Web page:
Investigating climate suitability conditions for malaria transmission and impacts of climate variability on mosquito survival in the humid tropical region: a case study of Obafemi Awolowo University Campus, Ile-Ife, south-western Nigeria

Abstract

This study investigated impacts of climate variability on mosquito survival at Obafemi Awolowo University Campus, Ile-Ife, south-western Nigeria, and determined the regional climate suitability level for malaria transmission between 1996 and 2015. It employed some established climate-dependent models to simulate daily mosquito survival probabilities, p and a fuzzy logic suitability (FLS) model to determine the suitability conditions for malaria transmission across seasons. Multivariate regression analysis and lag correlation up to 4 months were performed to examine contributions of climate variation to the reported malaria cases. Results revealed that mosquitoes could survive all-year round with p values ranging between 0.40 and 0.96 under the prevailing mean climate. However, the climate suitability level for transmission of malaria was ‘moderate’ (0.45 < p ≤ 0.60) in the dry season but ‘very high’ (0.75 < p ≤ 0.96) in the wet. Rainfall was found to be the best predictor (r = 0.7, R2 = 0.448, p < 0.05) and no significant time-delay effect was noticed between climatic variables and malaria occurrence except for wind speed at 1-month lag. About 61% (multiple R2= 0.613 at p = 0.1) of monthly variations in reported malaria cases were accounted for by climate variability. Further probe revealed that non-climatic factors such as behavioural and socio-cultural status of the students’ population played a very important role in malaria transmission and occurrence. The findings suggested that effective malaria control and interventions must integrate the crucial roles of both climatic and non-climatic factors in the study area.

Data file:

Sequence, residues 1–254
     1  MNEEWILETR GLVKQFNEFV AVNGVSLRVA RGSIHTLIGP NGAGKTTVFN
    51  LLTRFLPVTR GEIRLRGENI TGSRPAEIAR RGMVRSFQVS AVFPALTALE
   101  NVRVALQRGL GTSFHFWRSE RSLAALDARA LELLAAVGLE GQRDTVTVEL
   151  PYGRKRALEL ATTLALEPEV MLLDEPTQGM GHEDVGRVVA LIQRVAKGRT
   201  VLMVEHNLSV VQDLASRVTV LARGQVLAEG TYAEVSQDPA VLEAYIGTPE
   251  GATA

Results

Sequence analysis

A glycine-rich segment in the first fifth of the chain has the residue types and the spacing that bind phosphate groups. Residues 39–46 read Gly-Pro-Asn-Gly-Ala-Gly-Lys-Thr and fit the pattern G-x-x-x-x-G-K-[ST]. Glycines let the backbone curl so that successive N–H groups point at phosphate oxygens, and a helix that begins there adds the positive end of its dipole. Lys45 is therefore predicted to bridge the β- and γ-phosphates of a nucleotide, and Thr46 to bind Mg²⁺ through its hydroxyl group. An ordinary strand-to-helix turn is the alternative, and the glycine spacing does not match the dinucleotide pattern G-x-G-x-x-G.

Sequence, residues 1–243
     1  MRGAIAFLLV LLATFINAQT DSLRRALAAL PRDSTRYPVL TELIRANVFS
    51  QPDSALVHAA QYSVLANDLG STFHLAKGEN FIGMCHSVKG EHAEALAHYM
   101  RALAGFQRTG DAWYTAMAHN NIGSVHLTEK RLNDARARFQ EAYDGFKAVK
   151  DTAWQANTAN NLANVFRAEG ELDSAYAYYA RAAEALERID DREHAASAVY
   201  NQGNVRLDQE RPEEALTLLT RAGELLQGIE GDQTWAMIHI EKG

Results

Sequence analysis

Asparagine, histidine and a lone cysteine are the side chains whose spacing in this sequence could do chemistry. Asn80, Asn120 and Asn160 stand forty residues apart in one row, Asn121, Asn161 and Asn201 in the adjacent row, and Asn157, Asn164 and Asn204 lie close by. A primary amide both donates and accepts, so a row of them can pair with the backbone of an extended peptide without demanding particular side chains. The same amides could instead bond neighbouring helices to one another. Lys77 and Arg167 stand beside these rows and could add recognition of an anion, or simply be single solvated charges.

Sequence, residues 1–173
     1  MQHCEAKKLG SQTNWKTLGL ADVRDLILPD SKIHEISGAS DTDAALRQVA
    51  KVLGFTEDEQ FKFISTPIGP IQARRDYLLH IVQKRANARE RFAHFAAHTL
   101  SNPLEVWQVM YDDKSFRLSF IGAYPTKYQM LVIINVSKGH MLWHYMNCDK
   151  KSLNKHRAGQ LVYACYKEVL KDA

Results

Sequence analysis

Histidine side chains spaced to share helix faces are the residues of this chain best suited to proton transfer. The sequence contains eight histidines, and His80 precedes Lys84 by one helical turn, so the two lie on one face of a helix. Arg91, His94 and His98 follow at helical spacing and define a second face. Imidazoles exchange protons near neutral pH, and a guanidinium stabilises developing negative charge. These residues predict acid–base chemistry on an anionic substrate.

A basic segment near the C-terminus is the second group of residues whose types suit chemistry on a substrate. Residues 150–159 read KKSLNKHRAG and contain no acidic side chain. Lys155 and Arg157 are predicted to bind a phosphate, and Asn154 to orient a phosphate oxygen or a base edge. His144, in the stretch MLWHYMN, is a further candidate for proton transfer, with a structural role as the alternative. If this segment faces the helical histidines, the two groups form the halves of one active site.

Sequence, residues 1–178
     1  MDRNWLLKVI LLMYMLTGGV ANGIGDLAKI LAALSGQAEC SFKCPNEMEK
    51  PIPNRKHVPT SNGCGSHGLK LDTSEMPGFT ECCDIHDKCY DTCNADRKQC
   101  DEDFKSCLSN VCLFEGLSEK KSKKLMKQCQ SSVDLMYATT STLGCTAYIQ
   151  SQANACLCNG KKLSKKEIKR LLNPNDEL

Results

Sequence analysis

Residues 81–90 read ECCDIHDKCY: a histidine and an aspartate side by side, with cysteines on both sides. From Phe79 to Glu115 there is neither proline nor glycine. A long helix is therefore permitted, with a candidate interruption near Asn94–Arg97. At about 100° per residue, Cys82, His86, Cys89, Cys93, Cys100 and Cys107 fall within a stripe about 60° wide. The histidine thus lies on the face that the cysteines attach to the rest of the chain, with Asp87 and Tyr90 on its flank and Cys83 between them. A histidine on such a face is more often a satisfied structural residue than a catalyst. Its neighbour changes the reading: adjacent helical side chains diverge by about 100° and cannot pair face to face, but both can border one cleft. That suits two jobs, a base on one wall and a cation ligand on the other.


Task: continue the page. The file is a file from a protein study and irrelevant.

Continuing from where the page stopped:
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Acknowledgements

The author is greatly indebted to the Space Applications and Environmental Laboratory (SPAEL) of the Institute of Ecology and Environmental Studies, Medical Health Centre and the Teaching Hospital Complex all located within Obafemi Awolowo University Campus, Ile-Ife, Nigeria, for providing meteorological data and records of reported malaria cases used in this study.

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Correspondence to Olaniran J. Matthew.

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Matthew, O.J. Investigating climate suitability conditions for malaria transmission and impacts of climate variability on mosquito survival in the humid tropical region: a case study of Obafemi Awolowo University Campus, Ile-Ife, south-western Nigeria. Int J Biometeorol 64, 355–365 (2020). https://doi.org/10.1007/s00484-019-01814-x

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Keywords

  • Climate variability
  • Malaria cases
  • Mosquito survival probability
  • FLS
  • Environmental impacts